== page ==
> Some API requests need to get a higher priority over other API requests, and that is not taken care of. This was one of our main problems with this architecture, especially with a mix of real-time clients and clients that send batch jobs.
Haproxy would let you assign pools to different requests, each with their own priority and queue. At reddit, we had it broken down roughly into four quartiles based on 95th percentile response speeds of each API call.
> This architecture assumes that there is enough Processing Servers to handle all requests (peak throughput). If there isn’t the Processing Server applies back pressure on the API server (error or timeout), which in turn returns an error to the API user which in turn re-tries the API request (applying more pressure). To avoid this, the number of running processing servers needs to be enough to handle peak traffic.
Using haproxy in the middle, that tier will queue the requests, so all the back pressure builds up at that second load balancer. Whether that is good or not is questionable, but at least you won't return errors to the clients right away. You'll still have to have a pretty long time out depending on how long it takes for resources to come online, but then you could go back to the first part and have longer or shorter timeouts based on the api call as is appropriate for your application.
> ELB was not designed to handle huge traffic spikes since it takes a few minutes to internally scale. You should contact AWS support to warm your ELB if you have a planned traffic spike. We at Forter are in the eCommerce market where traffic spikes are rare.
This is still true, and there is no easy way around it unless you also make haproxy your front end load balancer. If you make it your frontend as well, you can have a hot spare on standby and spin up new ones pretty quickly. That being said, I believe the ELB team is making improvements in this area in 2015.
> API Server needs to handle retries. Not provided by the ELB itself.
Processing Server must respond within the http timeout (configurable between 1 to 3600 seconds). Otherwise the protocol would need two phases which adds more complexity.
Still true, although it will have to retry less because of the queues in the middle layer. Again though if you use haproxy as the front end you can solve this issue as well by sending the request to a "retry pool".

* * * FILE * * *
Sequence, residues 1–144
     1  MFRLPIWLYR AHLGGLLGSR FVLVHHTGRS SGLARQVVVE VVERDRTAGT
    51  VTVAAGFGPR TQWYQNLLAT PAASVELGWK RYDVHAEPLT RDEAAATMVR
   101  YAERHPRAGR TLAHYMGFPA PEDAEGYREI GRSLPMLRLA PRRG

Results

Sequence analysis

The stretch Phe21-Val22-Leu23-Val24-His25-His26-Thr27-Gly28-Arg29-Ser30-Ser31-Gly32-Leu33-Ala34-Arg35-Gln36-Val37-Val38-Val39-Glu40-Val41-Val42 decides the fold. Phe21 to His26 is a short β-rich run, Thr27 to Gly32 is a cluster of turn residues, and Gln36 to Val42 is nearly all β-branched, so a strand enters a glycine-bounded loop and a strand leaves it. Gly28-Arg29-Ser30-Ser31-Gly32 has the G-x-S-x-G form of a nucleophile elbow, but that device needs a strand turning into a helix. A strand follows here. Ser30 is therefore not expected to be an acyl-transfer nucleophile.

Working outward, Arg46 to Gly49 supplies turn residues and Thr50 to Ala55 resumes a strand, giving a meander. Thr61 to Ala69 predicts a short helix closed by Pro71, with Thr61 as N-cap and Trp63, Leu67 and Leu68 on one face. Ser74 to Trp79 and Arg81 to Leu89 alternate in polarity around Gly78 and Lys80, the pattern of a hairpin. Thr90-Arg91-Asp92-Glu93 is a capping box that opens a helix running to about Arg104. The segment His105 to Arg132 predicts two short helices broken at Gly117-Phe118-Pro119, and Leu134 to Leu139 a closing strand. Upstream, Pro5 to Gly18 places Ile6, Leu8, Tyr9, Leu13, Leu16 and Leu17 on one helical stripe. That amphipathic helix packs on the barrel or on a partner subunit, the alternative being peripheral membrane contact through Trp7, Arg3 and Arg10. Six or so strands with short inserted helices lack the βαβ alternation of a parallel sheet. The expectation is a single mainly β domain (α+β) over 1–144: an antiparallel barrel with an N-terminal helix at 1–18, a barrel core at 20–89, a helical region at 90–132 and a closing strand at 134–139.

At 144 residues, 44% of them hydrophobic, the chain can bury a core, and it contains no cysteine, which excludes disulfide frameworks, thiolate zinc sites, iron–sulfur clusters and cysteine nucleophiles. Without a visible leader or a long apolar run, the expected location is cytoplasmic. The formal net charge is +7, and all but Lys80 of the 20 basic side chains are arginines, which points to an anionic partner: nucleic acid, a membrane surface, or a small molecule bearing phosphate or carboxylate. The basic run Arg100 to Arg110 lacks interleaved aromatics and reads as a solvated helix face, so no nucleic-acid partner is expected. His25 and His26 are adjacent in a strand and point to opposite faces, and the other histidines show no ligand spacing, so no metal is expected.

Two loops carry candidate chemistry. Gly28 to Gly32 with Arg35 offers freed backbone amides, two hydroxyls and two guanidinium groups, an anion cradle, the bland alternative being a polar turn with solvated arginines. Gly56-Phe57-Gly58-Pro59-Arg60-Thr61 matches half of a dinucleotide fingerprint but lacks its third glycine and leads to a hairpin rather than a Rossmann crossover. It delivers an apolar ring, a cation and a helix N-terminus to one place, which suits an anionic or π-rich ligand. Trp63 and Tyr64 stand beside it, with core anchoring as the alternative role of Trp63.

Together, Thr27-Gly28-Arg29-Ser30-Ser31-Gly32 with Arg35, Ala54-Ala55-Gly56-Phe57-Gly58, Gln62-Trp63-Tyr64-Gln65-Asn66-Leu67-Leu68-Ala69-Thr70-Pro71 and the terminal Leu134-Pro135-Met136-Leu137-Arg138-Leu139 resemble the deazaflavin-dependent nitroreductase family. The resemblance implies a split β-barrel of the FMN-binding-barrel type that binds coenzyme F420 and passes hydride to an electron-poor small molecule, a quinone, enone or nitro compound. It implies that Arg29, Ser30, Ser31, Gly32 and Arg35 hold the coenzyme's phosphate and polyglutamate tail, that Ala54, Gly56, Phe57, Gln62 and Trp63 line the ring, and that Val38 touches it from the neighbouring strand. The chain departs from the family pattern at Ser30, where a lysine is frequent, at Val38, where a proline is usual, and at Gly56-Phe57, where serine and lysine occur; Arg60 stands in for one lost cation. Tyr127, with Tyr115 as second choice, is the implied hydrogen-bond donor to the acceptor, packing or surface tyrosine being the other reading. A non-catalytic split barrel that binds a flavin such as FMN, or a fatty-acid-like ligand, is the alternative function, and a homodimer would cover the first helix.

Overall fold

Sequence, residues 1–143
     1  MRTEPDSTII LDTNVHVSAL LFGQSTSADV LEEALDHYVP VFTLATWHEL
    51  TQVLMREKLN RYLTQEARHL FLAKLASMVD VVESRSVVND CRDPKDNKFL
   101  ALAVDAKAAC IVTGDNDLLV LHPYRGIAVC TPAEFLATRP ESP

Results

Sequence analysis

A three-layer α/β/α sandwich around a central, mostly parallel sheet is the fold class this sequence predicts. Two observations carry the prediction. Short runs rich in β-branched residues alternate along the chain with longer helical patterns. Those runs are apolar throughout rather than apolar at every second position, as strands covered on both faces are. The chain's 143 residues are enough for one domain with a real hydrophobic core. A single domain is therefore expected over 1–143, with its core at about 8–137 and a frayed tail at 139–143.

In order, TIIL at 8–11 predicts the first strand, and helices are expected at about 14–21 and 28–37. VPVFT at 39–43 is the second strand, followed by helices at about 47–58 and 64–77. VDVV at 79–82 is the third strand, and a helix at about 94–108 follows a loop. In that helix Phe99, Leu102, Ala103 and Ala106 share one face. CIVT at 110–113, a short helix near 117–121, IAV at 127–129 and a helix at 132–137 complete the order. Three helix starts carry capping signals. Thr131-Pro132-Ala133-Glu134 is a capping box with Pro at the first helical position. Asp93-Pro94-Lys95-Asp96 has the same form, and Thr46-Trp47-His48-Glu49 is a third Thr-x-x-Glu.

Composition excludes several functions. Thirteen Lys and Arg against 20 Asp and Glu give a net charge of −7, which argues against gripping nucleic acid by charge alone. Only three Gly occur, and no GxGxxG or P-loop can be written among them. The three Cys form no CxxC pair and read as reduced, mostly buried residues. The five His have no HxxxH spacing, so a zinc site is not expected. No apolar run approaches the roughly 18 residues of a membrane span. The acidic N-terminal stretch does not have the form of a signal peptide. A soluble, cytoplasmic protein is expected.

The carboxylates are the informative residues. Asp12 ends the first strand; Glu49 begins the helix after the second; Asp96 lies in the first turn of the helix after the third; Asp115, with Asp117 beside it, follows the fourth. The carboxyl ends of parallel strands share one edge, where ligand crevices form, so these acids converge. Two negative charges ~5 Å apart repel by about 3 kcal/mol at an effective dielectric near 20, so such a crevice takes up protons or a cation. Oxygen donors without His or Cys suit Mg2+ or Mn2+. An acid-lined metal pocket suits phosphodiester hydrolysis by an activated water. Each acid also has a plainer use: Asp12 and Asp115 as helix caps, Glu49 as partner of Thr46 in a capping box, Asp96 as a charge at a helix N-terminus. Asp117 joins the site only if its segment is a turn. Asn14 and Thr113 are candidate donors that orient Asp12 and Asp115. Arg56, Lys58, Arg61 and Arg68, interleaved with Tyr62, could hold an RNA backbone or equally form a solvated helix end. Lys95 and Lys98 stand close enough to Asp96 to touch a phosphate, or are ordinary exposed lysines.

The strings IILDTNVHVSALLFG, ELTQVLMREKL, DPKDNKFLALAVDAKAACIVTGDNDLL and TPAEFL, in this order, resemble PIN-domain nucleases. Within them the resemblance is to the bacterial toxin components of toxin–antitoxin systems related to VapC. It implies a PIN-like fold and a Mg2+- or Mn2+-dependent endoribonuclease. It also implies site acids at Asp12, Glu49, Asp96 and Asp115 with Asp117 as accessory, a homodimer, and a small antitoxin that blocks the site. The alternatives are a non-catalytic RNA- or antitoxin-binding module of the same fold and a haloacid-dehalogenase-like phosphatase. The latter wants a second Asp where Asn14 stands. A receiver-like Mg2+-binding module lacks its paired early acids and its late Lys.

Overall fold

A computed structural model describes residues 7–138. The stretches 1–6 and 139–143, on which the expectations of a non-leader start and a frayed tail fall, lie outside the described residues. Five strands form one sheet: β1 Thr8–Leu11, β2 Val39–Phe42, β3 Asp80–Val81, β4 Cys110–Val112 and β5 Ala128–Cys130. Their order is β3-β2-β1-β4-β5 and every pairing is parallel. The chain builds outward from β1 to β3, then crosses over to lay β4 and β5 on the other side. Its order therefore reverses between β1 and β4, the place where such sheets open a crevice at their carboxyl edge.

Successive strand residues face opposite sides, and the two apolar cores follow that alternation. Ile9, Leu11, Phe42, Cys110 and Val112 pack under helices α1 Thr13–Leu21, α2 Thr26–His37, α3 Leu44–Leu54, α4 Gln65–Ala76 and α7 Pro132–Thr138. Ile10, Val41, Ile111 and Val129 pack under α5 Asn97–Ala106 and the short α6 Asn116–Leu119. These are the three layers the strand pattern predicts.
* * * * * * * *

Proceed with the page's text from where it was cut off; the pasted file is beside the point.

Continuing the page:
FWIW, I've been working on a framework for empirically testing queue performance for scaled-up, distributed deployments (https://github.com/tylertreat/Flotilla). Haven't gotten around to adding support for AWS services yet, but would be interesting to see how they compare.
I'm hoping to do some in-depth analysis of several brokers at some point, but I want to get the benchmark instrumentation right first.
No message delivery guarantee in face of RabbitMQ server failure.
> The server MUST implement at least 2 priority levels for basic messages, where priorities 0-4 and 5-9 are treated as two distinct levels.
Depending on your client, it may be difficult to prioritize consumption of one queue over another, so this solution could be preferred.
Really enjoyed reading your post by the way...
When you mention low latency, how low are we talking? ms, seconds, minutes? The reason I am asking is because you can use s3 as an intermediate storage where you ship your compressed logs/events at a rollover interval and the processing servers discover them there. Now of course this only works if latency is not a big deal.
You can also get rid of auto discovery and use config files.
It's not perfect but pretty damn close. And it run on AWS et al.
SNS guarantees delivery with back-off to HTTP/S endpoints (handling HTTP status codes properly) with very low latency in an asynchronous manner.